Honestly there’s no excuse, I was just lazy. But now I want to work hard and convert my body into a working machine. Just didn’t really know how to get that extra push to realize I’ve really let go.

#10

2 years solid, most of the in between didn’t count as a workout. I’m just shocked it took me this long to take a hard look in the mirror and go, “woah, this ain’t right”. Better days to come.

#11

Good luck and welcome to the forum’s, you can make a log later,Ill be interested to see your progress.

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#12

well then the answer to your question is as easy as it gets… don’t do that! lol.

the first step in your journey should absolutely be to ingrain good eating habits in yourself. Cooking is a good way to do that, along not keeping junk food at home at all. Just eliminating sodas, cookies, candy, chips, baked goods, whatever your thing is, will go a long way. You’ll likely see a tremendous difference in how you feel and look within a month or so if your do this, and really stick to it. Don’t allow yourself ‘cheat meals’ where you indulge in the above products. If you eat something unhealthy, at least make it real food. Some pizza, a burger, whatever. Don’t cheat with sugar.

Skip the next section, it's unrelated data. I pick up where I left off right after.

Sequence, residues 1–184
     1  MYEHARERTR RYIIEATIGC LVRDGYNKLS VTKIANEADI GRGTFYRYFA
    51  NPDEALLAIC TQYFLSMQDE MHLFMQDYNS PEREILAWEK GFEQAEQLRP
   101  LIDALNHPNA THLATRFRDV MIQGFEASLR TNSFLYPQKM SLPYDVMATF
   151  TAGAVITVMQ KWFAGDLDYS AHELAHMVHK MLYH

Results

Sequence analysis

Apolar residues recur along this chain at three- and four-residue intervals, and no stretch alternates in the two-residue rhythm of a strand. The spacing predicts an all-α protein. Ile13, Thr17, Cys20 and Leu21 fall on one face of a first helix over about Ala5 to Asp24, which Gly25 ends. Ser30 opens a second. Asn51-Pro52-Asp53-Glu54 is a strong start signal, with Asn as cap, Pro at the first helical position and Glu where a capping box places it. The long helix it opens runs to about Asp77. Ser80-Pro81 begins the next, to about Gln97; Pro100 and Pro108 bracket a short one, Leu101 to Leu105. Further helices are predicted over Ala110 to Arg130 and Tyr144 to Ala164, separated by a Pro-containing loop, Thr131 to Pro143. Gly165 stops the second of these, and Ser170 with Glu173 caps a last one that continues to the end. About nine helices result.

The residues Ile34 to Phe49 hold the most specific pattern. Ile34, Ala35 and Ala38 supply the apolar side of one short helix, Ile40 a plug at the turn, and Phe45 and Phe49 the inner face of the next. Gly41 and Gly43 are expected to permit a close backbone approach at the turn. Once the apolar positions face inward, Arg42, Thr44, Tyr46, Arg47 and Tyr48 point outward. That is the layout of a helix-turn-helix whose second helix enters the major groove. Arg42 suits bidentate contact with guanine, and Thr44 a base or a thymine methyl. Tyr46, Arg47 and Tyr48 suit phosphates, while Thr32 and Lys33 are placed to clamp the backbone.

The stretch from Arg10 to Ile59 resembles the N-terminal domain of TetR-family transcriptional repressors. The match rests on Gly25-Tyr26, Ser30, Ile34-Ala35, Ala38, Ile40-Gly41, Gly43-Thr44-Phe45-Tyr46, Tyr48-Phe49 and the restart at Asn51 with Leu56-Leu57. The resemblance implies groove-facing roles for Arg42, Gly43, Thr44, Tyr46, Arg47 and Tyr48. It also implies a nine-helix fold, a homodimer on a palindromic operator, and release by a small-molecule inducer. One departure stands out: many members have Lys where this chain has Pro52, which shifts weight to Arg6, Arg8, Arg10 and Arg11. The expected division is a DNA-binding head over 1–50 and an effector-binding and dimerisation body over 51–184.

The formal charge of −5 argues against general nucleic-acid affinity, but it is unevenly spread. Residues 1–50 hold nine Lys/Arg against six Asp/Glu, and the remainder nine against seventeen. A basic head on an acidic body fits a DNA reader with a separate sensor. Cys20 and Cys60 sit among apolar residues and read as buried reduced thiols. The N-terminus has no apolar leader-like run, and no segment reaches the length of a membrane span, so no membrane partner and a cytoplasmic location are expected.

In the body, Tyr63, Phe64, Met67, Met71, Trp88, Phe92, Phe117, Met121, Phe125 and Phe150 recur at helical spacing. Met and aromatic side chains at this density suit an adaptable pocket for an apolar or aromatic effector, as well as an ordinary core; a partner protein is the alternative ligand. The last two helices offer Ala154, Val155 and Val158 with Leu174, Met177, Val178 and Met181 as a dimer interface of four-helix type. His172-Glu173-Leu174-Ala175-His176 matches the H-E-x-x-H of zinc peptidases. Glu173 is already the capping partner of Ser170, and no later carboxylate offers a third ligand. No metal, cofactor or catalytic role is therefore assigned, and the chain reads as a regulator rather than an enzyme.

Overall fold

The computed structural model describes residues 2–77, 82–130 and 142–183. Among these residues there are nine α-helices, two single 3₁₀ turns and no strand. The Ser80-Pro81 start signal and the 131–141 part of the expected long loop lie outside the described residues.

The gym is the next step. I highly recommend running a professionally written program, so that you make sure you’re using your time wisely. What program you run is entirely up to you. At your level, anything will work as long as you are consistent. If powerlifting programs appeal to you, do that. If lifting logs and stones appeals to you, do that. If you like high rep bodybuilding programs, do that. Whatever keeps you coming back to the gym will be your best bet for getting into better shape.

Cardio (IE running on the treadmill) should not be prioritized. Conditioning work is good, but long runs or bike rides or whatever won’t give you much results for the time and effort you put into them. Higher intensity conditioning work is preferred. If you’re going to run, don’t jog. Do sprints. Do high rep squats with short rest periods. Hit a tire with a hammer. Flip a tire. Hell, you can even do crossfit workouts.